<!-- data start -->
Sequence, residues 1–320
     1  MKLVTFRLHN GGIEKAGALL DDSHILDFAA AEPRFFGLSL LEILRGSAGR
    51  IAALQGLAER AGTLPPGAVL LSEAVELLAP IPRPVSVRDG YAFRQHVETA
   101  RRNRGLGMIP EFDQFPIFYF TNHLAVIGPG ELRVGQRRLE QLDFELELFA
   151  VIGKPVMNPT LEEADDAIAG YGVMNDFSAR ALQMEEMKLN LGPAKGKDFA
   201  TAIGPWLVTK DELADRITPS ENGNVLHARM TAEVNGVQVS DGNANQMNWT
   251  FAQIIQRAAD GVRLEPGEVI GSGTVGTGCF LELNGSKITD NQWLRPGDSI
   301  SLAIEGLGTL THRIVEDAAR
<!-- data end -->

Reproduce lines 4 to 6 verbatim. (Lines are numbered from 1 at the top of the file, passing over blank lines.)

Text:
   101  RRNRGLGMIP EFDQFPIFYF TNHLAVIGPG ELRVGQRRLE QLDFELELFA
   151  VIGKPVMNPT LEEADDAIAG YGVMNDFSAR ALQMEEMKLN LGPAKGKDFA
   201  TAIGPWLVTK DELADRITPS ENGNVLHARM TAEVNGVQVS DGNANQMNWT